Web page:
In addition, the XPS peaks of the introduced NMNPs are investigated as shown in Fig. 2c–e. The XPS peaks located at 87.5 and 83.8 eV can be assigned to 4f5/2 and 4f7/2 of Au in the Au-In2O3 NWs (Fig. 2c), and the peaks at around 373.6 and 367.5 eV can be assigned to 3d3/2 and 3d5/2 of Ag derived from Ag-In2O3 NWs (Fig. 2d). In the case of Pt-In2O3 NWs (Fig. 2e), the Pt 4f XPS spectrum of Pt can be deconvoluted into two 4f5/2 and 4f7/2 doublets: one doublet located at 74.6 and 71.3 eV can be assigned to Pt0 from Pt NPs, and the other one at 73.0 and 76.1 eV can be assigned to Pt2+. The existence of Pt2+ is caused by surface oxidation of the Pt NPs during the calcination. In addition, the corresponding peak area ratio between Pt0 and Pt2+ is calculated to be 1.8. The above results further indicate that the NMNPs are successfully introduced into In2O3 NWs.

Gas sensing properties of NMNP modified In2O3 NW sensors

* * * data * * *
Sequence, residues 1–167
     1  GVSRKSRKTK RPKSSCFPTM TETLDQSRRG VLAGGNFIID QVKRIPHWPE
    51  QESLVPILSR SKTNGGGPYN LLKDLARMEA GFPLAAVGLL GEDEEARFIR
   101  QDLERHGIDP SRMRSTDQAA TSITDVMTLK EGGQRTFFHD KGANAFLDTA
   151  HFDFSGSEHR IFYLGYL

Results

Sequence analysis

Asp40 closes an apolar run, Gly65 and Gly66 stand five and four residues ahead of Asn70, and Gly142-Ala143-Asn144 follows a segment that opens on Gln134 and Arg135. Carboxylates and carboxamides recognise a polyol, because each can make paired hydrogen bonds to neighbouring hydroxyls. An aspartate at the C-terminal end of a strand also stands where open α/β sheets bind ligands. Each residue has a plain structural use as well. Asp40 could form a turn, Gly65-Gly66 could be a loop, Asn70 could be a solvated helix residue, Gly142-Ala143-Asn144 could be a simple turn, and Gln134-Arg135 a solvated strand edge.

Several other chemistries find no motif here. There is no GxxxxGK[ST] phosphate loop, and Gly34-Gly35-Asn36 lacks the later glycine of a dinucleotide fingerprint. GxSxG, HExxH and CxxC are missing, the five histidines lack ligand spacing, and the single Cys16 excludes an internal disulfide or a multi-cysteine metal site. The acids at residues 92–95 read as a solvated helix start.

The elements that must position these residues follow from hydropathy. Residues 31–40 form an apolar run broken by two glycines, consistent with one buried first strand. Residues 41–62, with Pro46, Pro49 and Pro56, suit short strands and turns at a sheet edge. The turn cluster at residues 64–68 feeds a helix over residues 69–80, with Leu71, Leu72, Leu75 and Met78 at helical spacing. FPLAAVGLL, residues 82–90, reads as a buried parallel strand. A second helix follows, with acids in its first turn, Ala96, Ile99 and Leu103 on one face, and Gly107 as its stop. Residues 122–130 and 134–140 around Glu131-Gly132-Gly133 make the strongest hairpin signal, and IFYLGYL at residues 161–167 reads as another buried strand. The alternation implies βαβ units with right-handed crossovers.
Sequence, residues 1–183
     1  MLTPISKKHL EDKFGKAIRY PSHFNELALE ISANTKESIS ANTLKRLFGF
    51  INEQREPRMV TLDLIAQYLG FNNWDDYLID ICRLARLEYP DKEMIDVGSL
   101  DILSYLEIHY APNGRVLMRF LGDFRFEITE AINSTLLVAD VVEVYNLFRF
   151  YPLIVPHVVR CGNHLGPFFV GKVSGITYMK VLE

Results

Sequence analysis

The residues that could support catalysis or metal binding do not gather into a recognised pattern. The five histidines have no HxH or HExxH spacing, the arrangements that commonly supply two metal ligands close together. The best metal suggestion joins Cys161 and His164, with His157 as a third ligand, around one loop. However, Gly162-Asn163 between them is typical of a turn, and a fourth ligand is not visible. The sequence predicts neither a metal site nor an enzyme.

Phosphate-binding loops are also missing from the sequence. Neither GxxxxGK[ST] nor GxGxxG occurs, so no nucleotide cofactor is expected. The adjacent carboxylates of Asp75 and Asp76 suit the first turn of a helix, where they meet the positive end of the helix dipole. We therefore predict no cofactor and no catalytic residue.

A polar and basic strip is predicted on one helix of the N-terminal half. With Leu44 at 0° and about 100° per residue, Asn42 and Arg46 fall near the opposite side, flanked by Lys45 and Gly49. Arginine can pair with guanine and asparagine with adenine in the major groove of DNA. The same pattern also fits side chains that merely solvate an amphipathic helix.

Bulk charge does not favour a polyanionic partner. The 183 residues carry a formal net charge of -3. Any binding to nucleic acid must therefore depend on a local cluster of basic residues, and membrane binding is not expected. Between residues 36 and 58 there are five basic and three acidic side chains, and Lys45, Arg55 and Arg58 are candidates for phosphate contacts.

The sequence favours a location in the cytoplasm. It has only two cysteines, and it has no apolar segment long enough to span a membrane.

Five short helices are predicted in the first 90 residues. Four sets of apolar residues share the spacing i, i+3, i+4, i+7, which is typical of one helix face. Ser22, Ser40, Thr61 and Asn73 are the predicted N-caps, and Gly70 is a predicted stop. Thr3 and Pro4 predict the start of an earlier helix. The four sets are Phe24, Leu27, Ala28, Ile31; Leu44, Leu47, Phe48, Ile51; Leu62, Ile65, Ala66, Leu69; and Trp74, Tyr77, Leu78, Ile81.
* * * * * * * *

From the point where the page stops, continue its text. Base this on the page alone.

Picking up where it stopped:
To investigate the feasibility of breath analysis using the NMNP modified In2O3 NWs, the detection capabilities of Au-In2O3 NW, Ag-In2O3 NW, and Pt-In2O3 NW sensors to different target analytes were first evaluated and compared with that of pristine In2O3 NWs (Fig. 3). H2S (for halitosis), HCHO (for breast cancer), nitrogen dioxide (for kidney malfunction), acetone (for diabetes), ethanol (for drunken driving), and the concentrations of all the gases are fixed as 1 ppm. The tests were performed at 300 °C which was the optimum working temperature of the NMNP modified In2O3 NW sensors (Fig. S3, ESI). Compared to the pristine In2O3 NW sensor, the lowered activation energy for the surface reaction is obtained by introducing NMNPs.40 It should be noted that before testing, the introduced amounts of all the NMNPs used in this study were optimized first. The optimum modified concentrations for Au-In2O3 NW, Ag-In2O3 NW, and Pt-In2O3 NW sensors are determined to be 0.1 wt%, 0.16 wt%, and 0.08 wt%, respectively (Fig. S4, ESI), and these concentrations are used in all the following investigations.